As students return to school, and you get familiar with your son or daughter’s teacher, it may be tempting to send them a Facebook friend request so you can “keep in touch.”
Take your finger off the request button and read today’s post first. There are several things to consider before clicking “add friend,” even if you feel a genuine bond with the teacher and share an amiable relationship.
It’s usually best to avoid mixing professional with personal.
Primarily, the parent-teacher relationship is centered around a child’s experience at school. You both deserve to have a private life that is not up for potential scrutiny. Additionally, some schools have policies that strongly discourage or even prohibit their teachers from social media interaction with parents. When in doubt, ask your principal or school district for clarification.
Boundaries are important.
Some parents are very interested in seeing what their child’s teacher does on their off time, but the lines can easily get blurred if the teacher (or parent) suddenly feels like they are in a fish bowl. Due to their position as a public figure charged with caring for children, teachers are held to a higher standard for their behavior than the average person. For their professional well-being, teachers must be especially careful about both what they post on their page and posts that others tag them in. (Teachers, adjust your settings accordingly!)
Perception is paramount.
When a teacher seems more responsive or familiar with certain parents, it’s natural for others to pick up on the dynamic and feel left out. If you were friends before your child entered their classroom (the kind that regularly went out to dinner or socialized), a certain amount of decorum during the school year should still be maintained until your son or daughter moves up to the next grade. Best practices call for keeping the relationship professional as long as you have children revolving in and out of the classroom from year to year.
When to friend? There are exceptions to the rule under the right circumstances.
Some teachers are very open with their lives on social media and encourage a social media connection with parents.
For example, one of my daughter’s elementary school teachers was a marathon runner and enjoyed having her students’ parents cheer her on. She welcomed social media interaction, and everyone enjoyed keeping up with her adventures and successes. Years later, it’s still fun to see how she is doing.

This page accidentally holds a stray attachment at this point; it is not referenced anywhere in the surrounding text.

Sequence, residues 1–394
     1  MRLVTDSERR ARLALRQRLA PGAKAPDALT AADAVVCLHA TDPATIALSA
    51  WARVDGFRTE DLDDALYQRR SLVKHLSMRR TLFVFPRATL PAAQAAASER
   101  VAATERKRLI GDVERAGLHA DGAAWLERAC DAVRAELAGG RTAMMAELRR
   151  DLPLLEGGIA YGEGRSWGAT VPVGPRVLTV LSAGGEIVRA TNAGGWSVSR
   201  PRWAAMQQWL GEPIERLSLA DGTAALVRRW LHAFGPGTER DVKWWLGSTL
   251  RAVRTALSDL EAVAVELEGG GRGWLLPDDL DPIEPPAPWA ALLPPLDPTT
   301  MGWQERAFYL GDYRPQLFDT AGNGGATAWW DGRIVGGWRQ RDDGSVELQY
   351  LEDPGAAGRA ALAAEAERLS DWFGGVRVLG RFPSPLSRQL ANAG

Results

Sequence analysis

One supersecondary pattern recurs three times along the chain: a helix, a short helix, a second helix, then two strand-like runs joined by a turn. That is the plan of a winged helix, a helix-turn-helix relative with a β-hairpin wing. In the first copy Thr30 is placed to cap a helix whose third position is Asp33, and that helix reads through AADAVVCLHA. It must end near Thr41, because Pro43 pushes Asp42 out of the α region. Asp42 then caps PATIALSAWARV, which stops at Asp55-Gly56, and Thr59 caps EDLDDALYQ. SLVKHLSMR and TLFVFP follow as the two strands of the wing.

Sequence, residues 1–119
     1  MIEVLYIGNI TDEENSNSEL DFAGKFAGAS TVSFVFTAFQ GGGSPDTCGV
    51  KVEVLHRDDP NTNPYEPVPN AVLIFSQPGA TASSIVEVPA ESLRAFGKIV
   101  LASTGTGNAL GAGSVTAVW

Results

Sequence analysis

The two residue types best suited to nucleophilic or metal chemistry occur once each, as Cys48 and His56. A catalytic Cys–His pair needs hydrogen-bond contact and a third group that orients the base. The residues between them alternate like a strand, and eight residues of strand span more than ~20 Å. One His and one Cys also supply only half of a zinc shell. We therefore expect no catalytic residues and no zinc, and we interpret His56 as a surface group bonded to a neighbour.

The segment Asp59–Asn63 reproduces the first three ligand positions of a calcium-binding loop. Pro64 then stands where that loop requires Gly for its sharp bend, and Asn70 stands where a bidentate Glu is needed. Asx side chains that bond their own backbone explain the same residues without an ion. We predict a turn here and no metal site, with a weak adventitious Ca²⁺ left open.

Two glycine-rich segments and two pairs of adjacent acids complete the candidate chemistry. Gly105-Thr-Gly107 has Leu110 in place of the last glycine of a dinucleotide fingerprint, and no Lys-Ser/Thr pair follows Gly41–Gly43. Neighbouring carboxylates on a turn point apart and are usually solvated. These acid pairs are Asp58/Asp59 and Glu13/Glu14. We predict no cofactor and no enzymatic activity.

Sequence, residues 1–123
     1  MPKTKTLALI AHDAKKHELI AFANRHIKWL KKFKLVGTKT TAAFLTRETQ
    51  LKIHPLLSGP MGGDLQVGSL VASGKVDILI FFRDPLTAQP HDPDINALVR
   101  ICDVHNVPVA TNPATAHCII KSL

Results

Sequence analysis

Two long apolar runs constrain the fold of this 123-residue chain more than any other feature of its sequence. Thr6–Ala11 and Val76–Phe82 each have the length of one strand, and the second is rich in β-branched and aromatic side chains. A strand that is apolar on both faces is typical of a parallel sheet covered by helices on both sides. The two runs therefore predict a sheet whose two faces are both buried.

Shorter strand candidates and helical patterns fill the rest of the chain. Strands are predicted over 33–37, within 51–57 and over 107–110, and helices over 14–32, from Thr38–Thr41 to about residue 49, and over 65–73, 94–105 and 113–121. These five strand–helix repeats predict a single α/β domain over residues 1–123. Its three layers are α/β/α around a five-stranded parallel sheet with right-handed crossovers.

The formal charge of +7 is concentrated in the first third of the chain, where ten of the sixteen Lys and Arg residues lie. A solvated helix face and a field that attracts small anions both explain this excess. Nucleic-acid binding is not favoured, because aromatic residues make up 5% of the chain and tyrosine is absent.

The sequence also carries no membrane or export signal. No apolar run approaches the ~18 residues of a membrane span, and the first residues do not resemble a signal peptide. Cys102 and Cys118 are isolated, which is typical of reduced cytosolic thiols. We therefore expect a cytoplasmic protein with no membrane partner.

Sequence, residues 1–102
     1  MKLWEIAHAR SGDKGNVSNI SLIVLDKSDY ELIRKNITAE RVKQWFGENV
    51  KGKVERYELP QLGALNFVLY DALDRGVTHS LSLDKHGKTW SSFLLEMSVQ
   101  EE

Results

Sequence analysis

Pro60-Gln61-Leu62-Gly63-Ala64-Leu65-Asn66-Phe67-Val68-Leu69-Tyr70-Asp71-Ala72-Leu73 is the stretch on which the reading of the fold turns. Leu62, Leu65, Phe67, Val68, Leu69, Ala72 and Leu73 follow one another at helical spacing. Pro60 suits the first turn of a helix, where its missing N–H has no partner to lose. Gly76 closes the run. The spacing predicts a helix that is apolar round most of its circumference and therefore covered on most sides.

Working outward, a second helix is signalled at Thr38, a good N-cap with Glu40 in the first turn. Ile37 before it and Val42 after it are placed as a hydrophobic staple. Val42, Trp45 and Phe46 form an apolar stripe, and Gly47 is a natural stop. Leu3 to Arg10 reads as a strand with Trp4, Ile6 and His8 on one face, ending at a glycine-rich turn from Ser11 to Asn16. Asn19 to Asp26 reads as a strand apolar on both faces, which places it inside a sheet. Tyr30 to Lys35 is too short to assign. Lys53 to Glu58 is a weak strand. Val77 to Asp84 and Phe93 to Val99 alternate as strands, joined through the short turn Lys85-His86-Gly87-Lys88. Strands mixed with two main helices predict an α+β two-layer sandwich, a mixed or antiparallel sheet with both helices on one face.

In the future may be better.
One of my son’s elementary school teachers made a special impact on his life. She and I were not social media friends while he was her student, but while working together on school projects, we developed a friendship that continues to this day both on and off Facebook. Full of beautiful pictures and lovely stories about her family, her page is a testament to the positive and inspirational way she lives her life. The lesson here is that some personalities have a passion for interacting online, while others prefer to keep their personal lives out of the spotlight.
When they initiate the request.
Should you receive a friend request from your child’s teacher, feel free to accept it if you are interested.Of course, you also have the right to politely decline, in which case, a polite, yet honest message may help to ease any awkwardness. “Mrs. Wright, I adore having you as Suzy’s teacher, but I keep my Facebook friendships limited to family members and a few of my closest friends. I hope you understand!”
The bottom line:
It could work, or it could go disastrously wrong. The risks outweigh the benefits, and there is no reason to put a teacher in the uncomfortable position of feeling obligated to accept your friend request. If you decide to throw caution to the wind, don’t be offended if you don’t hear back. Refrain from asking “why” they are ignoring your invitation. You already know the answer!
You may also find The Etiquette of Friending Your Boss on Social Media helpful.
For more of Diane’s etiquette tips, read her Inc. contributions, subscribe to her articles on the Huffington Post, “like” The Protocol School of Texas on Facebook, or follow her on Pinterest and Instagram.